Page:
Jun 27, 2019


Old readers - don't look at the date! I've been gone, I had another child - she was literally interrupting this whole project. So authentic.
I'm not even going to start with an update just... here's a post.  Enjoy.

ANYWAY, I have been very slowly but surely stressing out more each day about the state of the planet. Looking at posts on Up-cycle Cloth Collective on Facebook has been an absolute balm.  It's full of proactive, kind, generous and creative people, true hope makers. 10/10 highly recommend.

The Tawashi video there looked instantly easy and inspiring - socks cut into rings, looped onto a make-shift loom and woven into a wash cloth!
One thoughtful person wondered about making tawashis with a strip of fabric, rather than socks, and I decided to give it a go.  In hindsight, she might've been asking what fabric to use when her socks are all knitted and her household is quite close to zero waste already, but I blindly barrelled on regardless coz what else are sleep-deprived good intentions for.

I chose a square cake tin for the loom frame because it's the only square thing I have with any strength. Five pegs each way.

I had this size 2 turtleneck stretch-cotton thing my youngest had graffitied with fabric paint. I cut a continuous strip from the hem and just eye-balled the cut-line an even distance from the edge the whole time, about 5cm (2") wide.

The red peg in the opposite corner was the turn from one direction to another and not one of the five pegs for each side.

Ran out of fabric!
I cut from the armpits, down the sleeve seam, and through the cuff. To make another strip, I cut from the chest towards the cuff, chucked a U-turn right before the cuff and let that be more strip, cut all the way back up the sleeve, across the back, towards the other cuff and just kept going until I couldn't get the width any more. Now it's just a turtle neck with triangles over the shoulder seams.

I overlapped the new strip with the previous strip's tail. Here it is with that thick seam sticking out before being woven in along with the tail.  All dandy.

Needed more blue pegs.

Lot's more. Look at that uneven scrunching. That's slap and dash.

Here is the red peg holding the start and tail.
I started tying it off beside that peg. I took the first loop off the peg and, working away from the tails, threaded the next loop into it, tying it off like a crochet cast-off.

At the pivot corner I twisted that loop, which probably wasn't necessary but I felt like it would give some structure and fill out the corner of the weave.

The tail was fed into the second last loop and tied off quite whateverly.

And now I think this will be a bath washer.  Though really it'd do better to be bigger and made into a bath matt!
It's hodgepodge and uneven, but duzzen madda a smaller version would do the trick too.

First thing's first though; that fabric left a blue fuzz on things so it's into the wash before use. That'll be the true test before we see how well a second watch actually cleans it after use.

Dec 27, 2014

D335: Not true

Today is not when my day-335-of-creativity happened.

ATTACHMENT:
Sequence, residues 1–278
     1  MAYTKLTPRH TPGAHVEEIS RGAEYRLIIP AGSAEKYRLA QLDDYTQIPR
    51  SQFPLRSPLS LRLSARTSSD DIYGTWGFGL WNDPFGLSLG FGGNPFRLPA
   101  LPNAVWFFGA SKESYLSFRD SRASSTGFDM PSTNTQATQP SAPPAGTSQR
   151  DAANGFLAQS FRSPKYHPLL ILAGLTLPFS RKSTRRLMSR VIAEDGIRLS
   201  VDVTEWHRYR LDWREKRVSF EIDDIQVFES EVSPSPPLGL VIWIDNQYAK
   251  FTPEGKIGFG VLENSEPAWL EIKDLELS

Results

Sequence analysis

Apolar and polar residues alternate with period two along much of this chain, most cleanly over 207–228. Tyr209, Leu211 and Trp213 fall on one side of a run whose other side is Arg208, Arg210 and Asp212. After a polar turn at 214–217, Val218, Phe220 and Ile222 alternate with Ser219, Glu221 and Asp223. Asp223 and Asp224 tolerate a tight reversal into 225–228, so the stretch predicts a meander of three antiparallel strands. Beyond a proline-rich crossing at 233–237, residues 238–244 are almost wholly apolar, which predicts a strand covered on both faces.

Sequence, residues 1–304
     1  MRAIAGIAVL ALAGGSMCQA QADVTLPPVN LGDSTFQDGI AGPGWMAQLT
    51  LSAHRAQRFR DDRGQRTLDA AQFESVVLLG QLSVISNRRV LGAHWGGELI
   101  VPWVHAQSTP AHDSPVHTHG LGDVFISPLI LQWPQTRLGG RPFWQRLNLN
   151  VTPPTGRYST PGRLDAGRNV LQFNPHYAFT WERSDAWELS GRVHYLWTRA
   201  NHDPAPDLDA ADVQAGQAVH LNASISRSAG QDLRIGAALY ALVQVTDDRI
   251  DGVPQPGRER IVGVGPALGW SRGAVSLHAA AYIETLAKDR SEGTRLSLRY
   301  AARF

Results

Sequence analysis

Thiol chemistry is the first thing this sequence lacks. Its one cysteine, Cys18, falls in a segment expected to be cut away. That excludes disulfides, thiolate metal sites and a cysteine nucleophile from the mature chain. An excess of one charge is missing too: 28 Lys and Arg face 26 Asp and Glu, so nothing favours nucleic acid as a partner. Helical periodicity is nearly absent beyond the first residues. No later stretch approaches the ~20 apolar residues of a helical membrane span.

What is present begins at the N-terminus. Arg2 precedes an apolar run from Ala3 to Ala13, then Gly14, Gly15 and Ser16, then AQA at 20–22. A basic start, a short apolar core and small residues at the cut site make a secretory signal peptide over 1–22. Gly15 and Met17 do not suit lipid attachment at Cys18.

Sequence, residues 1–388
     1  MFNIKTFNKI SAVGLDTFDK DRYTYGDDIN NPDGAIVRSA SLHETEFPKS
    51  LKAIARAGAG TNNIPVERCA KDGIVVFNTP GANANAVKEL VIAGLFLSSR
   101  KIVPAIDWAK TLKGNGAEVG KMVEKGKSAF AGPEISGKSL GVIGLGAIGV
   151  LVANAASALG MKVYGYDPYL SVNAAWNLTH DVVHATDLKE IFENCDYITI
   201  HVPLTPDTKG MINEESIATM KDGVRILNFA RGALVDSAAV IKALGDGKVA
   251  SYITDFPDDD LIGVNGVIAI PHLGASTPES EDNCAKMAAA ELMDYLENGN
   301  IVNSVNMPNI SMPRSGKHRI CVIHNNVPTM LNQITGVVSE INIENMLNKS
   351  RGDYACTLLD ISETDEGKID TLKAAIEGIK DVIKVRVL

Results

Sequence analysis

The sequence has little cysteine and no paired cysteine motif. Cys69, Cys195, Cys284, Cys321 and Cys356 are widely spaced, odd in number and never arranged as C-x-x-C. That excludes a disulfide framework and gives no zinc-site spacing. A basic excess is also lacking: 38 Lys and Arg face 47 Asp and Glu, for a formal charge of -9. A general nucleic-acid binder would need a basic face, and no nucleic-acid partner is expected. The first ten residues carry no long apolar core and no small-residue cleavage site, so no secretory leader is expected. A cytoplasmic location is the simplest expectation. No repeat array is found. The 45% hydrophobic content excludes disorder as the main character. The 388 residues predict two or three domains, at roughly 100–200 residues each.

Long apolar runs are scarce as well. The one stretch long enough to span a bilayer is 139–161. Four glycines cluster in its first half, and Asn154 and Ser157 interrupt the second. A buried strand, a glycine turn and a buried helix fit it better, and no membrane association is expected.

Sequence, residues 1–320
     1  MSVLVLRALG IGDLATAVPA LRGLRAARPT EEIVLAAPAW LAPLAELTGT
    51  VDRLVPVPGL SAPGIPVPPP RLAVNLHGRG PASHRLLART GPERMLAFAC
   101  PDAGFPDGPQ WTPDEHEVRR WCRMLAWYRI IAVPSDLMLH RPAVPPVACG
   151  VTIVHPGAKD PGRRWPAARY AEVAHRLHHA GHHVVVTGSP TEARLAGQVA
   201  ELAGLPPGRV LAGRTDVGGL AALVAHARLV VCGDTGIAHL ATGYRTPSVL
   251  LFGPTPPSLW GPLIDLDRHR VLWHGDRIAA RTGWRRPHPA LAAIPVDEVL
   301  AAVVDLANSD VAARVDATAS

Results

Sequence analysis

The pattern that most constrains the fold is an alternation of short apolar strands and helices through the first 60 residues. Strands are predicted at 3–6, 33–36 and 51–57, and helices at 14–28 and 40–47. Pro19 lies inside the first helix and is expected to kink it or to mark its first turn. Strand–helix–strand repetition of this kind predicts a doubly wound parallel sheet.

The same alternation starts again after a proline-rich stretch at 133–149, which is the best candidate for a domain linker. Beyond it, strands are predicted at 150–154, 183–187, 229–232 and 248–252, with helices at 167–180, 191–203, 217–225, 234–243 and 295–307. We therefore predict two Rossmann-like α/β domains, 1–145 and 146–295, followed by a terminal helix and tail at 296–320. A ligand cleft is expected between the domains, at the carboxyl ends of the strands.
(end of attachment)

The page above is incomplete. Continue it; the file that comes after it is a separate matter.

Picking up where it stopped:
Besides writing things, I've made all sorts of meals and dishes.  Hub reminded me to do a little more for the blog today while I was making cherry pie filling. So here's the story...

We stayed with the in-laws in the week before Christmas, in central Victoria.  Hub and his brother both fruit picked in their high school summers and we heard of a cherry farm who needed some fruit off the trees after recent rain.  So off we went, resident expert to lead us and buckets in tow, to collect 25kg (yes) of cherries!!!

The orchard - it was big.
 They were excellent, and we had a lovely Christmas Eve-eve morning in Strathbogie, picking all the fruit we wanted.

One for my mouth, one for my tummy...
Yep, cherry picking is good.
So with five A4-sized 4" tall boxes in the boot we came home (only $1 a kilo!!), delivered one dutifully collected for a friend, and got through maaaaybe two by the end of Christmas Day.

Our box has a handfull still going.  I've about two cups in the freezer and have cooked up five cups for a pie filling.  I've used this recipe (http://asprinkleofthisandthat.blogspot.com.au/2014/07/my-grandpa-and-cherry-pie.html), which has instructions for different base and top pastries (yyyyes!) and the filling goes like this:

Pit 5 cups of cherries into a saucepan, add 1.25 cups of sugar.
Warm to release the juices and bring to the boil.
Keep at a low boil for 7-8 minutes.
Add 4 tbsp of flour - sprinkle in small batches and stir in - and cook for a further 3-4 minutes, until thickened.
Stir in 1 tsp of vanilla and remove from the heat.

Be sure to sprinkle in the flour.  I accidentally dropped little clumps and the weight of it plopped it straight into the syrup and it instantly cooked  it into little globs of flour that were too strong to smear against the wall of the pan.  If I'm lucky, they'll present like raspberry seeds.

Hopefully I'll report on the pastry and pie tomorrow...

D334: Home Baked Oven

This was done back in October.  Yes. I've been absent.

I haven't been idle, however. It's just that the stuff I've been doing - writing - is something I'd like to keep separate to this.  That said, life hasn't been completely devoid of craft and such.  Here is an example of one project that seems to have been a winner.

Here is Bub, fresh from her nap, and its the first thing she did at the new oven - wash her hands!
I love that Bub knew exactly what was going on when she discovered this.  It took maybe an hour.  Use packing tape if you have it, not electrical tape like lazy me.

So, for this I used 
  • A box of suitable size and shape;
  • 4 pipe-cleaners;
  • An empty egg carton;
  • cello or sticky tape;
  • scissors;
  • Stanley knife (box cutter);
  • two paper or plastic plates;
  • one plastic bowl; and
  • aluminium foil.